The point that I’d like to put forth is that if the Central Bureau of Investigation (CBI) gave a clean chit to Mohinder Singh Pandher, then this should have acted as a mitigating factor as to his sentence and he should not have been given the death penalty. What does it say of our criminal system when the judge disregards the report of the investigating authority and pronounces guilt on his own inhibitions of the facts and circumstances ?

Could the judge have been a victim of the pressure surmounted by the media in this case ? Rationality and reason says that Mr Pandher should have been given a sentence of life considering this mitigating factor and not a sentence of death (the guilty being left out of question).

We saw the treatment of such cases in Manu Sharma’s trial, Nitish Katara’s case and now this may possibly be added to the list.

About a month ago, the Centre decided to increase the salaries of High Court and Supreme Court judges. A High Court judge now gets 80,000 Rs, the Chief Justice of the High Court 90,000 Rs. and Supreme Court Judges getting 90, 000 Rs and teh CJI a salary of Rs 1 Lakh.

Amidst this the All India Judges Association has now filerda petition in the Supreme Court asking that their salaries be revised too. This is based on certain committee reports.

I would be a little harsh in my words now but the judiciary does not have any right in the policy decisions of the Government and cannot interefer and ask it to do something in that area. We have ratios to the point stating that the judiciary has no control over the purse of the Government and cannot make any decision to that effect ( Asif v. State of J & K ).

It is then surprising that the Supreme Court allowed this petition to stand and asked the Centre to submit a detailed response as to why it hasnt affected the same for other judges.

News Clip here.

The previous post correctly states my view on this subject. However, no critique of an issue would be justified without putting forth the arguments for the other side. In this post, I try to look at the possible justifications at the sanction against conduct levied by non- state actors in what seems to be immoral according to them.

A year ago, when that actress Shilpa Shetty kissed Richard Gere, the Supreme Court stepped in to quash the charges against her. About a week ago, Justice Muralidhar gave a landmark judgment quashing the charges against a couple kissing in public. The law now seems to be becoming more and more clear as to what kind of conduct is morally permissible, an aspect that is laudatory of the Court.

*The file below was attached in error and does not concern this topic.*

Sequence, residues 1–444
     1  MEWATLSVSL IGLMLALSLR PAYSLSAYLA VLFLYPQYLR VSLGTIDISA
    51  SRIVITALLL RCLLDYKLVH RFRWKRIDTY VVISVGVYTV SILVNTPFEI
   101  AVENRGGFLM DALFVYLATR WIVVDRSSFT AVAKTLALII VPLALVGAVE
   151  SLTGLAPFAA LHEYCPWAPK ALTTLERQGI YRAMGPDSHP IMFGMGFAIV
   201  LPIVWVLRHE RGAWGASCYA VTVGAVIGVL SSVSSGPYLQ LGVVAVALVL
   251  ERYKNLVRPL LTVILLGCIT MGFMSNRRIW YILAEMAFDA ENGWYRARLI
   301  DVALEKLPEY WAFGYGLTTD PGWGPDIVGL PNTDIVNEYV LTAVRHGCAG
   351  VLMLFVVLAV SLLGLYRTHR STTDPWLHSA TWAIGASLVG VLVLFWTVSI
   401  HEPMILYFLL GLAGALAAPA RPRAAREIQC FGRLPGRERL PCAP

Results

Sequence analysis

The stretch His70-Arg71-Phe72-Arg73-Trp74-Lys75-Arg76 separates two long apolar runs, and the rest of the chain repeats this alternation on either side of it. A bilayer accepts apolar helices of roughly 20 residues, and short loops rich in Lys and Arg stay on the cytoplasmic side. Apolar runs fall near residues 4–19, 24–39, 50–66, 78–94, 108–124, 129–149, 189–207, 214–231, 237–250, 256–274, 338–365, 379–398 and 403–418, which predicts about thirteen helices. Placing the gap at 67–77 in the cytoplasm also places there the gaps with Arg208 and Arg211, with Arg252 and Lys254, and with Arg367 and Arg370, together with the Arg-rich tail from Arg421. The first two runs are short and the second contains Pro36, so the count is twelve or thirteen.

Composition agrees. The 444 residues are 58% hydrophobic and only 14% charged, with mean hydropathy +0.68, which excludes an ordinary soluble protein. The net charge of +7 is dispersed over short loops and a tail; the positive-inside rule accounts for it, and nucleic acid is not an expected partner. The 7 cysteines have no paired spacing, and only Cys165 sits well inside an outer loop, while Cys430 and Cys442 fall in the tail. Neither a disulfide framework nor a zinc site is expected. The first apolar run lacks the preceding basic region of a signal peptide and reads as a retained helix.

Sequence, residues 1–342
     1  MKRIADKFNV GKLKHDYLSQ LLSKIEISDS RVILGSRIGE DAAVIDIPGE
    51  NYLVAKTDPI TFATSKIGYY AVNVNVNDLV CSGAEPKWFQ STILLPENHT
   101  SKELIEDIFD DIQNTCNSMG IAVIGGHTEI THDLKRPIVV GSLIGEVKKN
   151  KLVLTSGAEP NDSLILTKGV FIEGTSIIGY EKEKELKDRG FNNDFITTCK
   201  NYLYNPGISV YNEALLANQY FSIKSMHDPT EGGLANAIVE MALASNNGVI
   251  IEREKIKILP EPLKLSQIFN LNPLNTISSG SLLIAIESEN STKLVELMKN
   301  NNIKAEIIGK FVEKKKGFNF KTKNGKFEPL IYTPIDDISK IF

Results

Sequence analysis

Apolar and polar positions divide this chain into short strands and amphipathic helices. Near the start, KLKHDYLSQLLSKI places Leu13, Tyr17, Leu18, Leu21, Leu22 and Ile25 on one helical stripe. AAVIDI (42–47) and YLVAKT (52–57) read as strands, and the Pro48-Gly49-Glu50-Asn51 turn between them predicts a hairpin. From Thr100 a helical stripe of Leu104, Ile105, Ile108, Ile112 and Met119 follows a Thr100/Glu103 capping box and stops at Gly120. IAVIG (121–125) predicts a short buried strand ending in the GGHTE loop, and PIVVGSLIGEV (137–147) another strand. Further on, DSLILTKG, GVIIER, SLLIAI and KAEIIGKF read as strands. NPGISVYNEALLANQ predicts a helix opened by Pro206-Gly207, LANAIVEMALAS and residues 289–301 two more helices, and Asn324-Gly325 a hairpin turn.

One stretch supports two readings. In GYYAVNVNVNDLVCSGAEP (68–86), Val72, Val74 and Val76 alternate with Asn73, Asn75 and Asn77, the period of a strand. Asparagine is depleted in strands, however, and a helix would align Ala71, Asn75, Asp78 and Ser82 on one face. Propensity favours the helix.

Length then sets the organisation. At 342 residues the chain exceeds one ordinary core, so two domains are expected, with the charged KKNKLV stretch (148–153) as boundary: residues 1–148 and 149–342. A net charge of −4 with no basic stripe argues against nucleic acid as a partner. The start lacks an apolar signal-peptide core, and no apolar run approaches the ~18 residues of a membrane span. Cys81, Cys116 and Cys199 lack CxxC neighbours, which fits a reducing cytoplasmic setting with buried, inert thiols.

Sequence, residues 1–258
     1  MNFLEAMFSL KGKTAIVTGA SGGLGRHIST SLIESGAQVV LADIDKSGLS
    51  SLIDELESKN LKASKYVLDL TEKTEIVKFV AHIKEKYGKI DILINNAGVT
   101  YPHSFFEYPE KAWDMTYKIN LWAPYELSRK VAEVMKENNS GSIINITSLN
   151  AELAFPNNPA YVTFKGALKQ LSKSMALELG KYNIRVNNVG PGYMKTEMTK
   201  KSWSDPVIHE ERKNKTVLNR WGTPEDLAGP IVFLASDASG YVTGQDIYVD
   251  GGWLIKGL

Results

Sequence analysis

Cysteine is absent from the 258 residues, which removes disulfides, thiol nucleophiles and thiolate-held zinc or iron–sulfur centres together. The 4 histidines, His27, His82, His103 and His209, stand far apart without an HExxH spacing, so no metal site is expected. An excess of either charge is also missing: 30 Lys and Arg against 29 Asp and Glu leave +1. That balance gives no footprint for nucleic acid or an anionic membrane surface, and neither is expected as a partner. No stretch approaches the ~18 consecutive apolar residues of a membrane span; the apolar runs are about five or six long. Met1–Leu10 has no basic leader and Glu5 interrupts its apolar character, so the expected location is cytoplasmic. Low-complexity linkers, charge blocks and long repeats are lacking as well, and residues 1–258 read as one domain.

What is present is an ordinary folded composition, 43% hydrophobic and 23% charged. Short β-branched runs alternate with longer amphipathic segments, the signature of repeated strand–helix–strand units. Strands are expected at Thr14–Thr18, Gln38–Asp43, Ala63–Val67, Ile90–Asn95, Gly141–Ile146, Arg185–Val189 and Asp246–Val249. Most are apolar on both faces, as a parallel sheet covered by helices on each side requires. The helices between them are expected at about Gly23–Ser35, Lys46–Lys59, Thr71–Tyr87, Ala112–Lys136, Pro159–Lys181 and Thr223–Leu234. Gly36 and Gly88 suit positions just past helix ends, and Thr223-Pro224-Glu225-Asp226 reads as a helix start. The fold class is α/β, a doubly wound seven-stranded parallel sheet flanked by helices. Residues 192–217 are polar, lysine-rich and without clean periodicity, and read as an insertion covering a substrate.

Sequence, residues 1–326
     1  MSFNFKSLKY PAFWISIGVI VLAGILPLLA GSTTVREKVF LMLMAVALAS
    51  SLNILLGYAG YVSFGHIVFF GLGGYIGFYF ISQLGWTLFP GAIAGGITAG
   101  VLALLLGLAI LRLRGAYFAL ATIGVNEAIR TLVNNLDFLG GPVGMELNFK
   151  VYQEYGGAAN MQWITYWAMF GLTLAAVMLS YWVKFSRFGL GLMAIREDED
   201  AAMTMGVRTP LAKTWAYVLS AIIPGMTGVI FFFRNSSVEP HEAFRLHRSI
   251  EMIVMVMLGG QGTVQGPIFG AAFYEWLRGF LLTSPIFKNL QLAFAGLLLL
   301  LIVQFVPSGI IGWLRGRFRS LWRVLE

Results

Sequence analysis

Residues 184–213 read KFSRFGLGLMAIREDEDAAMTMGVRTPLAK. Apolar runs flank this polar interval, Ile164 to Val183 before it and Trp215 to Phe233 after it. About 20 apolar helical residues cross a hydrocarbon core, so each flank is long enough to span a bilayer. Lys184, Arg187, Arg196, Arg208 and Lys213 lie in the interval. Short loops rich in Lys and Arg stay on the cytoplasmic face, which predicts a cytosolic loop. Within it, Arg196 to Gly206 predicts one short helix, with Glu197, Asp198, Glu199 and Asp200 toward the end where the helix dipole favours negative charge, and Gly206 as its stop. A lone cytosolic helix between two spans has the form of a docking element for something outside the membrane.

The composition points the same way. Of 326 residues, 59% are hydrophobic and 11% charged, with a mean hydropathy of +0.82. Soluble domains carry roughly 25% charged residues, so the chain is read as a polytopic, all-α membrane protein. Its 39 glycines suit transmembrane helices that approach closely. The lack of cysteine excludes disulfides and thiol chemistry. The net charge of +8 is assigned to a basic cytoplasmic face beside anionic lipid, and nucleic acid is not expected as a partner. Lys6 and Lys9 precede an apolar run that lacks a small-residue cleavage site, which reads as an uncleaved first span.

However, leaving the harm principle as dealt with in the last post aside, is it that the Court is only speaking for the ‘socially elite’ in this circumstance while a major portion of the society still thinks women going to pubs is bad and that public display of affection (PDA) should not be permitted. Are we seeing a difference of opinion between the Court and the society as to what constitutes morally permissible behavior ?

A pub going woman would argue that she has a right to do whatever she wants with her life and that neither the state nor the other members of the society should interfere in this right of hers. Quite true and I agree with her.

But she hardly represents 1 % of the Indian woman population and in a country of more than a billion, she’s a minority. What might constitute moral to her and people like us sitting and surfing the net everyday might not be so to the millions at other places.

Counter questions arise; is the idea of morality to be determined by what a majority of the society think to be so ? Whose morality comes into play when we talk of Section 294 of the Indian Penal Code ? To what extent can the Indian public honor the right to privacy ?

About 3 decades ago when the ‘social elite’ longed to read DH lawerence’s ‘Lady Chatterlee’s Lover’, the Court in Ranjit Udeshi v. Union of India, stepped in and declared the banning of the book constitutionally permissible. Then it was representing the will of the majority that thought such conduct to be immoral. The perceptions of morality keep changing in a dynamic society like ours and perhaps the Ram Sene people should understand that too. But a movement to counter it cannot be successful by sending him ‘pink undergarments’ but only by making a serious effort to develop the perceptions of others as to what can be morally right according to our views.

It is a futile attempt for an English medium student living in an urban town like myself to even try to argue for Muthalik and his activities. I wouldn’t either because I think that he is wrong in all aspects. But the point that I am trying to get across is the idea of moral permissibility that is now creating differing opinions with the Court and the social pub going elite on one side and a majority of the Indian population on the other. Apart from Dworkin’s reasoning, what possible could be a justification for such acts when a vast majority think such conduct is bad ?